So sorry to hear about this. And the last thing you need is for someone to call you a loser. You are not a loser, you are the victim of a bad real estate transaction. You can try speaking to an attorney but any knowledgable Realtor will tell you that this will be a time consuming and expensive process to go through and even then you are not guaranteed any reward. I wish there was an easy fix for you but since you have so much emotions involved in this, it wont be easy. I suggest you find a new Realtor who is honest AND knowledgable about not just Real Estate practice but also Real Estate Law. Good luck dear. :)
IMHO: If all Realtors were this honest with their clients regarding the odds of actually closing a short sale (yes I know they close, I have closed them after months of game playing) and all but refused to play the banks short sale game and only offered on already bank owned properties, the market would be healthier and the banks could not get away with the games they are playing with people's lives. As one of my clients put it very well., " the banks have a right to conduct business and make money but they do NOT have a right to TORTURE people or ruin their lives!"
This is unfortunate situation, unless you have fulfilled all the contractual obligations, your ptions are very limited. As a practical matter it is very difficult to force a seller to sell if circumstances dictate. The seller may be responsible for damages to you and this is a matter for your agent and attorney.
The notable thing here is that YOUR agent should have prepared you for this possibility. This is one possibility and is more common these days, than one might think. Once the seller knows what the bank's bottom lines is, they evaluate their potential liability and somtimes that means changing direction.
If it is true that the seller is going to file bankruptcy, it is curious that the seller wont continue to move forward. Get your agents broker involved and keep a dialogue going, maybe there is still a chance.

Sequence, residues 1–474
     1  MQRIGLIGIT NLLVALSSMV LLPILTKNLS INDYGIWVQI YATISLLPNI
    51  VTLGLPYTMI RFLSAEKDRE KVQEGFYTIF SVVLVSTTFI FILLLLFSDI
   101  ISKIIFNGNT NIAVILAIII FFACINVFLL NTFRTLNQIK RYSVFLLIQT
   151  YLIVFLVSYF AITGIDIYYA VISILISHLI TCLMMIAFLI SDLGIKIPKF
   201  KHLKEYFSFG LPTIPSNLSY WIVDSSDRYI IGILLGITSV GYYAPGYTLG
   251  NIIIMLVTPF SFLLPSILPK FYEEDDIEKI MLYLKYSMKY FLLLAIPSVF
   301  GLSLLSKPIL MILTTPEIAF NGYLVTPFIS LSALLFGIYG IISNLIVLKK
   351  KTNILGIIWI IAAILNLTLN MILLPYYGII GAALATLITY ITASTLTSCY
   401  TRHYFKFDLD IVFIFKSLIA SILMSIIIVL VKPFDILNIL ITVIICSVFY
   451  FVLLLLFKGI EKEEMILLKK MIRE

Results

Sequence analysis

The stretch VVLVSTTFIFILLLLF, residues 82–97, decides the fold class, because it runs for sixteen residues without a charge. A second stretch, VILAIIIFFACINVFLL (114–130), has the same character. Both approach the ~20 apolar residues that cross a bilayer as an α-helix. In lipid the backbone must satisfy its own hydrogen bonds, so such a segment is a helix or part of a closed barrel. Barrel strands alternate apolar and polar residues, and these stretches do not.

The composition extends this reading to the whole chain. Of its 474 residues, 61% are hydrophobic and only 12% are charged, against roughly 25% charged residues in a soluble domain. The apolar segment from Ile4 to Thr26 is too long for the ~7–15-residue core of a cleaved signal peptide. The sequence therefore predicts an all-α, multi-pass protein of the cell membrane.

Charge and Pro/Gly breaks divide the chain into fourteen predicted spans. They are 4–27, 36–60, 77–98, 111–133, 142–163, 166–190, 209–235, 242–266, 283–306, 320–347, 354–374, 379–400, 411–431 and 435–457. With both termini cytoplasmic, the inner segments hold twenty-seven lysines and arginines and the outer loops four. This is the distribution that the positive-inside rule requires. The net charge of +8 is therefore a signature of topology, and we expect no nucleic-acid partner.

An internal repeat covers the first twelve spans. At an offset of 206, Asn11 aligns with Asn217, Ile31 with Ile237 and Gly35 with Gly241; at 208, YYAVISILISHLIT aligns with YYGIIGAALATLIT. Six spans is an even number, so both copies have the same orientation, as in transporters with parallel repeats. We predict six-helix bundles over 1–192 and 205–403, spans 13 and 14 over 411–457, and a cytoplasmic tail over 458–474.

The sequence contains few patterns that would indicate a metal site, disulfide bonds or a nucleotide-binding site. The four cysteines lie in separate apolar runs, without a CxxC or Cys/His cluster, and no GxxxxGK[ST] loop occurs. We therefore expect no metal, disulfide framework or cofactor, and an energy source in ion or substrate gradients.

Take a look at this link about filing bankruptcy to avoid foreclosure http://www.nolo.com/legal-encyclopedia/article-29631.html
Scroll down to where the question is asked about taxes
"Canceling tax liability for certain property loans. Thanks to a new law, you no longer face tax liability for losses your mortgage or home-improvement lender incurs as a result of your default, whether you file for bankruptcy or not. This new law applies to the 2007 tax year and the following two years. (See the blog post New Tax Break for People Who Default on Their Mortgage.)
However, the new tax law doesn't shield you from tax liability for losses the lender incurs after the foreclosure sale if:
the loan is not a mortgage or was not used for home improvements (such as a home equity loan used to pay for a car or vacation), or the mortgage or home equity loan is secured by property other than your principal residence (for example, a vacation home or rental property). This is where Chapter 7 bankruptcy helps. It will exempt you from tax liability on losses the lender incurs if you default on these other loans. For more information on Chapter 7 bankruptcy, see the Chapter 7 Bankruptcy area of Nolo's website."
I find it terrible that a seller would do that at the last minute.
The short pay benefits the seller much more than the buyer.
It sounds to me as though the seller is doing everything just to try to hold on to their home just a little longer.
This is a sad part of Real Estate.
Sometimes deals fall out at the last minute.
I know your anxiety.
I hope you push fourth and find a better home.